Along those lines, women with estrogen dominance tend to experience more migraines, particularly around their cycles when estrogen is dropping (but perhaps not as quickly as progesterone). Higher estrogen means higher serotonin, which decreases migraines the rest of the month. But, perhaps, as estrogen declines and therefore so does serotonin, the nitric oxide release gets triggered, leading to both vasodilation and, potentially, peroxynitrite formation.
The Methylation Migraine Theory
Another piece to the puzzle is the methylation cycle, which is necessary to make serotonin. The cycle requires folate, B12, and vitamin B6, as well as a few other ancillary nutrients. When it’s not working properly, among other things, homocysteine tends to build up. Elevated levels of homocysteine are linked to migraines, though it’s unclear whether this is correlation or causation. (Homocysteine is directly inflammatory to the vasculature itself, after all.)
Undermethylation can occur for a number of reasons—it can be genetic, due to toxicity (think of it like a bottleneck—in addition to making neurotransmitters, this is also one of your liver’s main pathways for detoxification, or due to low levels of the nutritional cofactors needed.
Vitamin B12 has specifically been studied with respect to migraines. Low levels are decidedly associated with migraine risk–in fact, once levels rise substantially, migraine risk drops by around 80%. But is that because of B12 itself—does that imply that low B12 is the cause of migraines 80% of the time—or is that because (if it’s low), B12 causes the methylation cycle to be more efficient, which in turn raises serotonin production, which lowers nitric oxide?
Even if it’s the latter, there’s evidence that B12 might be more primary than that, because it actually acts like a nitric oxide scavenger—in other words, if there’s an excess of nitric oxide, B12 will bind to it and render it harmless. This study suggests that hydroxycobalamin does this more effectively than other forms of B12.
Excessive amounts of nitric oxide (such as with nitrous oxide administration, or ‘laughing gas’), can induce B12 deficiency, too, probably just because B12 is being consumed with so much to neutralize.
So B12, and methylation support in general, seem to be indicated for migraines at least in situations where homocysteine is high and/or B12 is low… but even if B12 isn’t low, if the nitric oxide is the final migraine trigger, adding it in should help with symptom management in the short-term.
Allergies and Histamine Migraine Theory
Other than a hormonal cause, the most common causes of migraines I’ve seen in practice are mycotoxin exposure and toxicity, and allergens.
Mycotoxins, according to the above theories, could cause migraines due to the fact that, among other detoxification routes, they require methylation for elimination.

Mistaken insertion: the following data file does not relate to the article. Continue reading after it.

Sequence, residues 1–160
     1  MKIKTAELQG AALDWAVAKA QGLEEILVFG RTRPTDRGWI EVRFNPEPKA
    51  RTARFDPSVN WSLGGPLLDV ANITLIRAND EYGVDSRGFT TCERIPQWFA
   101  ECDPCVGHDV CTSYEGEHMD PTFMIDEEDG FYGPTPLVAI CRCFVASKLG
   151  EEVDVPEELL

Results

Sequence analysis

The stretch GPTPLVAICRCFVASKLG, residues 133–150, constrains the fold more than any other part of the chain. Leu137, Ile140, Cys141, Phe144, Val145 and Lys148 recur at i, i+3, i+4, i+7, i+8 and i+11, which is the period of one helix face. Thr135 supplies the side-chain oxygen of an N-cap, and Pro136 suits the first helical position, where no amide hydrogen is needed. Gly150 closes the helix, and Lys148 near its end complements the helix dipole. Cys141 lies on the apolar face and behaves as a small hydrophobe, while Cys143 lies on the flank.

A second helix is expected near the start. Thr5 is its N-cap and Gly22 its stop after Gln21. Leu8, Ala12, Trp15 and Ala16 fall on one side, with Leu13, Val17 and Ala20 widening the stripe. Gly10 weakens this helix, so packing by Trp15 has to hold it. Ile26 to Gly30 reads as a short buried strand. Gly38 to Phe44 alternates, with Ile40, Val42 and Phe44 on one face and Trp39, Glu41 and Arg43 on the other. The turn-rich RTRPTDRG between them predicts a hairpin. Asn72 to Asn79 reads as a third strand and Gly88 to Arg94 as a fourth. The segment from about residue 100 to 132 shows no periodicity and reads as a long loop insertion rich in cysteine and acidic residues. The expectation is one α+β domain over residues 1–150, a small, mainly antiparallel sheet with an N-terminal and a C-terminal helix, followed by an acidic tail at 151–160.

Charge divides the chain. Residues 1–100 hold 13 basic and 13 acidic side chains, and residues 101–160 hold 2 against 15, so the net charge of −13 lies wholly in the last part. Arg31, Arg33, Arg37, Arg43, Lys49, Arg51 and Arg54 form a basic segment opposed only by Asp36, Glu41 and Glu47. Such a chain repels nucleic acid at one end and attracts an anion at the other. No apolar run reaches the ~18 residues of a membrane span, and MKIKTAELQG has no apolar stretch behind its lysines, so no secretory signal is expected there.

It’s also possible there could be an overlap between mold and allergies—some people have an allergic response to certain toxic molds too. The allergic mechanism is this: when you’re exposed to a substance to which your body has a toxic response, the mast cells will release histamine. Mast cells also carry serotonin, though… and release of serotonin along with histamine can trigger the above vasoconstriction and rebound vasodilation mentioned above.
Also, once histamine is released, it has to get methylated for elimination—further compounding the methylation issue if it’s already present, too.
The Tyramine Diet and the Histamine Connection
Many migraine sufferers who have kept headache diaries have noticed that foods high in tyramines, especially red wine and aged cheese, are common triggers.
I suspect that, unless there is a piece of the mechanism we haven’t yet found, the problem isn’t really the tyramines at all, but the histamines, as there is almost a complete overlap in the two food lists. As mentioned above, histamines require methylation for elimination. If someone’s histamine levels are already high, these foods might trigger a tipping point—raising homocysteine, and perhaps dropping B12 as the body is trying to break histamines down… which might mean the nitric oxide it might have been able to scavenge is able to accumulate instead.
This alone probably won’t trigger a migraine, except in someone already susceptible—say, due to high levels of nitric oxide perhaps secondary to low(er) levels of serotonin, and (maybe) inability to cope with oxidative stress due to poor antioxidant status.
In this article, I’ve mostly strung together a lot of current theories and speculated on connections between them. What we know is that migraines are related to nitric oxide release, low serotonin, high homocysteine, low B12, and either histamine or tyramines.
My theory is that rapid changes in serotonin levels, whatever the cause (weather, allergens, hormone fluctuations), leads to nitric oxide release—but as long as the methylation cycle isn’t overwhelmed and B12 levels are adequate, there might be no problem. If the methylation cycle is overwhelmed (due to low cofactors, toxicity, high histamines, etc), now you’ve got a recipe for a migraine.